Nigeria’s presidency has changed hands, and Russia is looking forward to working with the new leader, Muhammadu Buhari, to bolster the countries’ economic and strategic ties.
Schoolchildren admire an art work of depicting former General and Nigerian President-elect, Muhammadu Buhari, during an exhibition of former Nigeria leaders ahead of the inauguration in Abuja, Nigeria, Wednesday, May 27, 2015. Photo: AP
Moscow is looking forward to working with Muhammadu Buhari, the newly elected leader of Nigeria, to accelerate Russian investment in the country, to expand trade and to achieve better balance in the trade relationship. At the moment the countries’ trade ties are lopsided in favor of Russia.
On the strategic front, Russia has pledged to help Nigeria turn the tide against an insurgency in the country’s northeast. Russia has experience with that challenge, having battled insurgents in its Caucasus region for almost 25 years.
Russia’s recent history in Nigeria
Russia decided a decade ago to breathe new life into its relations with Africa. Ties had withered when Moscow became preoccupied with the economic and political transition that accompanied the collapse of the Soviet Union in 1991.
Six years ago, Russia underscored its interest in Africa’s most populous nation, Nigeria, by dispatching then President Dmitri Medvedev to the country for a state visit. Medvedev and Goodluck Jonathan, Nigeria’s president at the time, announced petroleum exploration and other agreements.
“We see new opportunities” in Nigeria, Russia’s ambassador to Nigeria’s capital Abuja, Nicholay Udovichenko, said in 2013. Russia’s goal is to help build the kinds of bridges that would improve both countries’ economies, he asserted.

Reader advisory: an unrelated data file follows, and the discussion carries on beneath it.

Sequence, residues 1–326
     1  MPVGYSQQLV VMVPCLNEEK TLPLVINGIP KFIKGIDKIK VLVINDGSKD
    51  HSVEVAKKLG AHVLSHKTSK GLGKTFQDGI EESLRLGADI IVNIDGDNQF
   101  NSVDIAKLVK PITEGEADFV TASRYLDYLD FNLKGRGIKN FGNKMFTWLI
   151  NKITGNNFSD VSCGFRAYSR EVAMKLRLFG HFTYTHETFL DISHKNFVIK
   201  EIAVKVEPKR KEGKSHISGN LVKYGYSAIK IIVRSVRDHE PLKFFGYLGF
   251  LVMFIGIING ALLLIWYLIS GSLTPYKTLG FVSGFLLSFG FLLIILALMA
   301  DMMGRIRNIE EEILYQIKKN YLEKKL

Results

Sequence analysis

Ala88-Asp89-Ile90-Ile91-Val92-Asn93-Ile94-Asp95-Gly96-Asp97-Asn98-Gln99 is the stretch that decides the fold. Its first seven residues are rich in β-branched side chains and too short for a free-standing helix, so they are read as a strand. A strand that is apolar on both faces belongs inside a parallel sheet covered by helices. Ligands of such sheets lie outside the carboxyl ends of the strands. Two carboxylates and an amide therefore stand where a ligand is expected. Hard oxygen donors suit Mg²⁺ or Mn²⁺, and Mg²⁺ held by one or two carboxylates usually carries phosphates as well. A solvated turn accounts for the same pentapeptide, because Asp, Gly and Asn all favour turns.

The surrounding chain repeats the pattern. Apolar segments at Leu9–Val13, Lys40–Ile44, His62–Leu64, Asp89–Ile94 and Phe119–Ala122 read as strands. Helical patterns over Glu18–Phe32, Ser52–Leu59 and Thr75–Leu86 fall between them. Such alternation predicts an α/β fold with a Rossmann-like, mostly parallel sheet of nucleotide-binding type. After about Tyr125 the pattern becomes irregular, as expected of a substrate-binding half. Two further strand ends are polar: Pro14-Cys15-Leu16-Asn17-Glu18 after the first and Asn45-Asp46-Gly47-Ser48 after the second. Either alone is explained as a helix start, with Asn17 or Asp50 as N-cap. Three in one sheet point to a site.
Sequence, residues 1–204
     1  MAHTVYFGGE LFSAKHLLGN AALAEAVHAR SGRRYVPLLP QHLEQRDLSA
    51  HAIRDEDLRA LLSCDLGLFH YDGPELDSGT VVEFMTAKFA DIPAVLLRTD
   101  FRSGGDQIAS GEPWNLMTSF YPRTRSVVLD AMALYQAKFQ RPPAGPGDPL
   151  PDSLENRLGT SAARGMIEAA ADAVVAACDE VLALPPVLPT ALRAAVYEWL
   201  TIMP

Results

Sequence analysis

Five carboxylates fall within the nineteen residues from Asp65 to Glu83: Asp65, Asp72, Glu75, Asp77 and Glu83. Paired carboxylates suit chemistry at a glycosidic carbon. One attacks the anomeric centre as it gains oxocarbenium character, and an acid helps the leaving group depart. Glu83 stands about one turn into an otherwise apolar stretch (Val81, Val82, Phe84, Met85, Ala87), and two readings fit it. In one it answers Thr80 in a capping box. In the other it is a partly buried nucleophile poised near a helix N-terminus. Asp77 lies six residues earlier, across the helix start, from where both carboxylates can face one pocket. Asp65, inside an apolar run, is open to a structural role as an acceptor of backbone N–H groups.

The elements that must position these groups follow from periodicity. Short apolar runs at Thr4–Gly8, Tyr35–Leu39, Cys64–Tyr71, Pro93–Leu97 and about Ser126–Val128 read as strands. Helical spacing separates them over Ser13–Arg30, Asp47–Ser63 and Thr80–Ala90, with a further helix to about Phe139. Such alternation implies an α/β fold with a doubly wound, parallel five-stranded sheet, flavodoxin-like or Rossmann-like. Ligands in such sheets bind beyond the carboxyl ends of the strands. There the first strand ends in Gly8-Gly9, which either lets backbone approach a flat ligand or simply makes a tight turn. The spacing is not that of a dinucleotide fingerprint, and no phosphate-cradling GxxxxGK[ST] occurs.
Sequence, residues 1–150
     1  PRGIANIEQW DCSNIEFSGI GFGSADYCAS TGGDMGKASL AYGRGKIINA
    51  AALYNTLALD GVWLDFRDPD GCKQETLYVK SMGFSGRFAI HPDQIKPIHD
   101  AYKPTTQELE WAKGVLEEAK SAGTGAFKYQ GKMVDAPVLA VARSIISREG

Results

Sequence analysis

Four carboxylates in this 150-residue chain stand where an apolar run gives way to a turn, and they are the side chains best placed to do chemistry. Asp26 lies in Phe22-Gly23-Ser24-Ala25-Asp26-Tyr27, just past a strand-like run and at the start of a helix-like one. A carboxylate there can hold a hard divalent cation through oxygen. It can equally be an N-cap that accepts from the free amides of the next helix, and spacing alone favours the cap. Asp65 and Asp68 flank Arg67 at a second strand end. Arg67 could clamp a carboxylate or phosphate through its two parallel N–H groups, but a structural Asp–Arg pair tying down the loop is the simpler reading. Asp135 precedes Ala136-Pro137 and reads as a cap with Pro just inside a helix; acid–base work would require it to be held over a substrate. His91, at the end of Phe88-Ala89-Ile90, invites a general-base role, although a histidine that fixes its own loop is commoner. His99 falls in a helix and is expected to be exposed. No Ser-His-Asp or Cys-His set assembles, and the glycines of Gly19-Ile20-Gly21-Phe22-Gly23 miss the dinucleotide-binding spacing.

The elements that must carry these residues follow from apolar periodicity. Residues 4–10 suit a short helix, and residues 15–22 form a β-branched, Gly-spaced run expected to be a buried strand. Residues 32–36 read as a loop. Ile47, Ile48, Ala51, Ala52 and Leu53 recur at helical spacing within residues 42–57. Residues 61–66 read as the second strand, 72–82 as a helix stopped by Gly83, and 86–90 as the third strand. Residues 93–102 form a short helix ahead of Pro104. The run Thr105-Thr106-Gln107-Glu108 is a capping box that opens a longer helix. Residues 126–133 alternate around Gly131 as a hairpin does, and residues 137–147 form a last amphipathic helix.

Meet Muhammadu Buhari
Buhari, who will be inaugurated on May 29, will bring economic, national governance and security experience to his new job.
He was the first chairman of the Nigerian Petroleum Corporation. That background will be invaluable as he works with Russia on deepening petroleum ties. Nigeria wants Russia to help it develop more oil and gas deposits, which are among the largest in the world.
As for national governance experience, Buhari headed Nigeria for 20 months as a military general between 1983 and 1985.
The 72-year-old is determined to use his military acumen to subdue the Boko Haram Islamic insurgency, which has disrupted the country’s social, economic and political life.
In fact, the key to his victory over President Jonathan in April was voters’ perception that he would do the best job of dealing with the insurgency, political analysts say.
What Moscow expects from the new Nigerian leader
Russia has pledged to help Buhari fight the terrorists. It is selling weapons to Nigeria and training Nigerian troops in counter-terrorism.
Moscow was delighted during Nigeria’s election campaign to hear Buhari say he wanted his country to forge a “special relationship” with the BRICS countries, and in particular, Russia. The other BRICS are Brazil, India, China and South Africa.